John Ashley (actor)

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John Ashley
John Ashley 1962.JPG
Ashley in 1962
Born John Atchley
(1934-12-25)December 25, 1934
Kansas City, Missouri, U.S.
Died October 3, 1997(1997-10-03) (aged 62)
New York City, New York, U.S.
Cause of death Heart attack
Resting place Forest Lawn Memorial Park (Hollywood Hills)
Nationality American
Education Will Rogers High School
Alma mater Oklahoma State University
Occupation Actor
Years active 1957–1997
Spouse(s) Deborah Walley
(m. 1964; div. 1966)

Nancy Moore
(m. 1966–??)
Jan Ashley
(m. 19??)
Children 2

John Ashley (December 25, 1934 – October 3, 1997) was an American actor, producer and singer. He was best known for his work as an actor in films for American International Pictures, producing and acting in horror movies shot in the Philippines, and for producing various television series, including The A-Team.

Early life[edit]

Born John Atchley, he was adopted by a doctor and his wife and reared in Oklahoma. He attended Will Rogers High School in Tulsa, where he was a champion wrestler, then went to Oklahoma State University in Stillwater on a wrestling scholarship, where he earned a bachelor's degree in economics.[1]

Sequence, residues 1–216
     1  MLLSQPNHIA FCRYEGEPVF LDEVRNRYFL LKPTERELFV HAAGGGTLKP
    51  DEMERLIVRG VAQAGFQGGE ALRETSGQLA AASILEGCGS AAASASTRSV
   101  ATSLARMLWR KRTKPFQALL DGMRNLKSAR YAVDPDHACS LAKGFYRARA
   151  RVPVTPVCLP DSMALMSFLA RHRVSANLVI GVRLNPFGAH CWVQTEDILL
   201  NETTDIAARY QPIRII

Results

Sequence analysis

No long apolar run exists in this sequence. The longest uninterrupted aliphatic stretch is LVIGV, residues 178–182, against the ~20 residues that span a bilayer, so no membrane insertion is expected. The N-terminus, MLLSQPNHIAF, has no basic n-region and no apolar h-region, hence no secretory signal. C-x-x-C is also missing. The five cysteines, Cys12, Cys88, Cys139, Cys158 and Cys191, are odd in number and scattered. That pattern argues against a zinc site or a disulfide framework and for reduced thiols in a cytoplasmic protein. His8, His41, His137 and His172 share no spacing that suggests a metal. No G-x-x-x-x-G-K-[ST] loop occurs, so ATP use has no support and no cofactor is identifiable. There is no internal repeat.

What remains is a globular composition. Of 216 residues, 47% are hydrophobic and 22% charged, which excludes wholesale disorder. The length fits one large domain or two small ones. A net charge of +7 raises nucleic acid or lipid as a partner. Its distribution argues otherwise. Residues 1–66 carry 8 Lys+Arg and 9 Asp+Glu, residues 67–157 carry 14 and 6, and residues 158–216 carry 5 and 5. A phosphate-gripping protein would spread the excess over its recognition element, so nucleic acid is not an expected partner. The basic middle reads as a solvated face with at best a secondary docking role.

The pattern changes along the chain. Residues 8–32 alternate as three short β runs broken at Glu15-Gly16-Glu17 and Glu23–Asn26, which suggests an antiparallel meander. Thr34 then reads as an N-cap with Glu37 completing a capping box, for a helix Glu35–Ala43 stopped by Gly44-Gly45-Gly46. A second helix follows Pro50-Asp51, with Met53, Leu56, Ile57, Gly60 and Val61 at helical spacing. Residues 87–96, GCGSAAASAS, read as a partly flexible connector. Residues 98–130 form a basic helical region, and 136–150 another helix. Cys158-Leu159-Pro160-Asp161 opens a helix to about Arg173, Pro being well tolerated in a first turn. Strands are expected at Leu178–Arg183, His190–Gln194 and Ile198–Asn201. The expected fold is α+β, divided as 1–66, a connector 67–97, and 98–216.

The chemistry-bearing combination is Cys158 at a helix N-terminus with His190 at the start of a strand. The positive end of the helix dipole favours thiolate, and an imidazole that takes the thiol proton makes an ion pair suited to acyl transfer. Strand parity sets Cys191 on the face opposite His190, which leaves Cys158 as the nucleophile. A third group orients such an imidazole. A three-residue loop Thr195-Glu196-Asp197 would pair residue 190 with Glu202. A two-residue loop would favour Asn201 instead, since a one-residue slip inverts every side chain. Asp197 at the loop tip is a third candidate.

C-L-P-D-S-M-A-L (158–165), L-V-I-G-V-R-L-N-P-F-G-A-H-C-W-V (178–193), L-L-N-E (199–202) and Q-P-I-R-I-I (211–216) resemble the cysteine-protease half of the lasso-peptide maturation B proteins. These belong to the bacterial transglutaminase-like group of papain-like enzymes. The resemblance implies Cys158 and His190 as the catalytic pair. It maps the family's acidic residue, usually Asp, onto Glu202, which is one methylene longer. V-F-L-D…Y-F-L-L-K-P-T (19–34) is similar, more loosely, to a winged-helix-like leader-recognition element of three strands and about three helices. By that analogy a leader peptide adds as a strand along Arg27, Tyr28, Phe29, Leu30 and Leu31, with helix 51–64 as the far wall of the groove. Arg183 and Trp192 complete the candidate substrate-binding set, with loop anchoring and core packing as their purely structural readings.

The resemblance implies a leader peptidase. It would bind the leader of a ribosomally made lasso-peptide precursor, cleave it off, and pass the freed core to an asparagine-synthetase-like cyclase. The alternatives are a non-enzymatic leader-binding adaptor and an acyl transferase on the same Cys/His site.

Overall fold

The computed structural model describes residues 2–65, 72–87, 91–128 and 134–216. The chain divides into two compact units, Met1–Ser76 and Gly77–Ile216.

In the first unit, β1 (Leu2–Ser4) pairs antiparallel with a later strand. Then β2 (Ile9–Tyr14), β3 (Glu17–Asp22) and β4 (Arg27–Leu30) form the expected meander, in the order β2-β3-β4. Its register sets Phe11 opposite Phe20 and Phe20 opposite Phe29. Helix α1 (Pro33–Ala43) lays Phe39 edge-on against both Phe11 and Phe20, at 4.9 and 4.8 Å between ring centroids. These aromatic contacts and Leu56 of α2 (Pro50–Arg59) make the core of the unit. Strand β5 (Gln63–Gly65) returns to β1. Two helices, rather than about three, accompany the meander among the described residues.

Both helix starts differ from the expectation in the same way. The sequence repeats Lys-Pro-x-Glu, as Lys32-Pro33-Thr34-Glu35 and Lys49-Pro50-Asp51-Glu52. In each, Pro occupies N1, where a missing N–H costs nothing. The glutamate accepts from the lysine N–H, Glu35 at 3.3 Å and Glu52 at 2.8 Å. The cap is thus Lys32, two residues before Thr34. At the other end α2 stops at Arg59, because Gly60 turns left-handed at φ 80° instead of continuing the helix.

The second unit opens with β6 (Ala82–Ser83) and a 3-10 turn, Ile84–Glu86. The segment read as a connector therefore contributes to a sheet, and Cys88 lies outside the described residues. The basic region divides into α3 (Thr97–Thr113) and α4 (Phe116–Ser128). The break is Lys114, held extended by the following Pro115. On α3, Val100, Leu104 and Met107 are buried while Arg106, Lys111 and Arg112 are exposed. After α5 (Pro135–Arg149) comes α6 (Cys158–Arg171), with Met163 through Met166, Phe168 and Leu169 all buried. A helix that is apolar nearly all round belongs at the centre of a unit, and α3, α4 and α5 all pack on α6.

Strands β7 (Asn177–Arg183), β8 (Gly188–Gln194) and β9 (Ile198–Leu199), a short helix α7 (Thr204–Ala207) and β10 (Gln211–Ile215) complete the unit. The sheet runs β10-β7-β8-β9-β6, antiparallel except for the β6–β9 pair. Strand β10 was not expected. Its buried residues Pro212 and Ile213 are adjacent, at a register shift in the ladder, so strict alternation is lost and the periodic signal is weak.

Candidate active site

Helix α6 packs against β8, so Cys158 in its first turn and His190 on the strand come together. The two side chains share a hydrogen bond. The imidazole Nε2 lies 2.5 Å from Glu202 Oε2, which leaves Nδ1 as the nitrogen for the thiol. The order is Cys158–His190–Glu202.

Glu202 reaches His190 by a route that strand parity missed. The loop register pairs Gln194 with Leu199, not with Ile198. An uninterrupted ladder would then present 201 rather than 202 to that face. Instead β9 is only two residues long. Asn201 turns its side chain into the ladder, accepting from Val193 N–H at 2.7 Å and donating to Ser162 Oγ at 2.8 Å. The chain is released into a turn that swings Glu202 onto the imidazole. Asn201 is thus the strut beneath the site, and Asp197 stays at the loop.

Acting career[edit]

While a student, Ashley was holidaying in California. He visited an alumnus of his college fraternity, Sigma Chi, who was a press agent who represented Dick Powell and John Wayne. The agent took him to the set of The Conqueror (1956), where he met Wayne, who had also belonged to Sigma Chi. Wayne was impressed with the young man's good looks and set him up with an interview with William Castle.[2]

Castle was then making the TV anthology series Men of Annapolis, and was looking for someone to play a role that involved wrestling. Ashley's wrestling experience helped him get the job, and he did two episodes of the series, which helped him get an agent.[3][4]